Surround Sound System Settings: How to Set Up Your Home Theater Sound

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Almost all surround sound receivers have a variety of settings, how you choose your surround sound system settings will determine how the various programs that run through your system are played through your speakers. Most surround receivers will automatically read and interpret a particular preset if one is present from your media source. For example, almost all DVD’s are encoded with a particular audio format that will determine which sounds are played through which speakers. With some media, you can choose which mode you would like to use. The homecinemaguru explains:

These modes are intended in general to extract information from the recording to then map it to channels that are not found in the recording, but are in your surround system.  At times it may be best not to use this extra processing to create extra channels from the limited number available in the source.  If the source is a match or has more channels than your system (5.1 for 5.1 for example) this type of processing should not be used.  The channels in that case will be mapped to their respective speakers using logic based on the bass management and speaker topology you are employing.

It’s important to realize that in true surround sound, the rear and side speakers may rarely be heard during a given program. In their purest sense, they are utilized for special sound effects, (battle noises, planes flying overhead, telephones ringing or doors slamming, some music cues).  A big hollywood war movie may have very intricate battle sounds coming from all the various speakers.  A small independent movie or a locally produced program may have just a couple noises heard from the rear speakers. Sports program often use the surround channels for crowd noises and music.  Clicking on a surround mode for a program without it can definitely enhance the theater experience if you match up the programming, your system, and the setting.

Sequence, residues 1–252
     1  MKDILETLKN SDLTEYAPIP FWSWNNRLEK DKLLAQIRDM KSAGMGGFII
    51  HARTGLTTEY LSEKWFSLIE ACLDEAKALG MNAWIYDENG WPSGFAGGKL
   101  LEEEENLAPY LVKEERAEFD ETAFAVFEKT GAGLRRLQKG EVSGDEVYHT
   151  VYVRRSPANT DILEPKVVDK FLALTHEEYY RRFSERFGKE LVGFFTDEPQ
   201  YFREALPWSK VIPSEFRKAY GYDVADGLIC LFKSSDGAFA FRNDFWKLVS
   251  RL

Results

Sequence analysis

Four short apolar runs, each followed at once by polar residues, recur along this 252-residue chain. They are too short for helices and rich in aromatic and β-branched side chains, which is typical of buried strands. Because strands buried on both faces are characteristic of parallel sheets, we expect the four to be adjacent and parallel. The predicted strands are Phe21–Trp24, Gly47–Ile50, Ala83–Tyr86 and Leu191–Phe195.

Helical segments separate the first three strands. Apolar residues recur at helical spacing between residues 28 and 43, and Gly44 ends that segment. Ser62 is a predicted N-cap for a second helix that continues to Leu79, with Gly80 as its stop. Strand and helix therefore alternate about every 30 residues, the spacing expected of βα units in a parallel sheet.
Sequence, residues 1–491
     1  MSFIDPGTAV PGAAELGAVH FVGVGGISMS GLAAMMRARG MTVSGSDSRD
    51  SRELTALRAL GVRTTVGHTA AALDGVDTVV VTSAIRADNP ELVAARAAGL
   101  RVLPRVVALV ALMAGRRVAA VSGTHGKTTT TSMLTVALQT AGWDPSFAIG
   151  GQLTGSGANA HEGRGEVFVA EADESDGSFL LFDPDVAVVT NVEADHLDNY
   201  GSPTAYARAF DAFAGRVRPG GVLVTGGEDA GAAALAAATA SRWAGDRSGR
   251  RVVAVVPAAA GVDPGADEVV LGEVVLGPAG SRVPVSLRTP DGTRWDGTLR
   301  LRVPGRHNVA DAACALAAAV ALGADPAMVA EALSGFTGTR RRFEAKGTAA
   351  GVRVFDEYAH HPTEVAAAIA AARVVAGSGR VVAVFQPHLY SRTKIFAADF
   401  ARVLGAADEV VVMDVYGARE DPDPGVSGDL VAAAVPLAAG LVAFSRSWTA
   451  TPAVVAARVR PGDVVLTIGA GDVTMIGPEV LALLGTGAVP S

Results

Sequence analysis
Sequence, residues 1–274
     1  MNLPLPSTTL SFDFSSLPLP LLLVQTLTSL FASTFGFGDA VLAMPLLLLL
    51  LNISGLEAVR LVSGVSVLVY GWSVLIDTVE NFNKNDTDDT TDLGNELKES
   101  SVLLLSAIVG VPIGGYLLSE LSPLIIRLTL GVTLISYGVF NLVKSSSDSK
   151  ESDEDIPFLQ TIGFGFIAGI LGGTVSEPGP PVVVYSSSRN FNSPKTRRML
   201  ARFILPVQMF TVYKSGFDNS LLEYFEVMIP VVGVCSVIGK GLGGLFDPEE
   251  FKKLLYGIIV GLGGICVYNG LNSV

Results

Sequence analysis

Surround processing for movies, sports or other sources that include dialogue can benefit from using one of the movie modes found in your typical surround processor.  These modes will redirect much of the sound found in the left and right channel to the center speaker if the recording has no center channel information.  They will also put ambient sound in the surround speakers if it is a 2 channel source.  Prologic IIx will also put surround sound in the back channels if is is a 5.1 source augmenting the pan.  These modes can make dialog much easier to understand and add surround channels to a source that did not have those channels encoded in the source directly.  I recommend Dolby Prologic IIx Movie processing for 5.1 and 7.1 surround systems.  DTS:Neo6 Cinema is the recommended mode for a 6.1 surround system.

There is a good, basic list of the settings that you will probably find on your receiver and how the sound will be mapped onto your system. Experiment a little bit with your particular home theater setup, and remember that surround sound system settings will vary from program to program.

Original article here.

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